Wooden Spoon
You really have to rub the paper you're printing on to with A LOT of pressure to transfer the ink successfully. Without a press to do this for bit for you, it can be a real arm and shoulder workout!

Latex Gloves
These are a must if you don't want to get ink all over each print you make. I use quite a few each time I do a run of prints and I'm aware they are not environmentally friendly. The ones I've used are latex free but I'm not sure that they are recyclable. Definitely need to investigate further!

Glass chopping board
Perfect for mixing your inks on.

Rubber Roller
Rollers vary greatly in price, but I splashed out on a japanese soft rubber roller because they apply a great ink coverage and you get a great quality print.

Cardboard squares
I use these to mix inks on the glass chopping board and to scoop up excess ink after I've finished printing. I use bits of card that I have leftover from various packaging rather than buy new whenever I can.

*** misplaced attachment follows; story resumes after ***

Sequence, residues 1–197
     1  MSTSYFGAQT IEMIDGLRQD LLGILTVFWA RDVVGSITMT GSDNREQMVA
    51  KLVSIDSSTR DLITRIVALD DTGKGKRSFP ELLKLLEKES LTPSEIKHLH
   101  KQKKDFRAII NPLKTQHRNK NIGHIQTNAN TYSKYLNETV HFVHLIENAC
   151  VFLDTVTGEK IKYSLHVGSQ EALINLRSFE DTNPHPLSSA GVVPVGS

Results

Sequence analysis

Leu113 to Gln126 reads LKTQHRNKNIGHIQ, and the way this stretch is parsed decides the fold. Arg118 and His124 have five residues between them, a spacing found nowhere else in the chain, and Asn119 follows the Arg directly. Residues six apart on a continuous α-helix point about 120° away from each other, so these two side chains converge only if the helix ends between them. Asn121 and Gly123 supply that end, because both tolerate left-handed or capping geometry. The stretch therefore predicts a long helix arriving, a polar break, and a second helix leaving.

Kitchen roll
For mopping up excess ink and resting inky tools on in between printing.

Chip shop paper
Whenever I print, I cover the surface of whatever table or desktop I'm printing on all over with chip shop paper to protect it from ink. I also use several sheets to draw templates on so that my prints are always printed in the same postition on the paper. When one template gets too inky, I swap it for a fresh one.


mixing inks

I love this part! It's a bit of trial and error getting your colours just right and I make sure I always have white, black and a navy blue to hand, but yellow can be a good addition too.

Mixing a lovely teal colour using a piece of cardboard which doesn't soak up all the ink. You can use two pieces of cardboard to scrape the excess ink off of each other - less wastage!

Mixing a lovely teal colour using a piece of cardboard which doesn't soak up all the ink. You can use two pieces of cardboard to scrape the excess ink off of each other - less wastage!


rolling the ink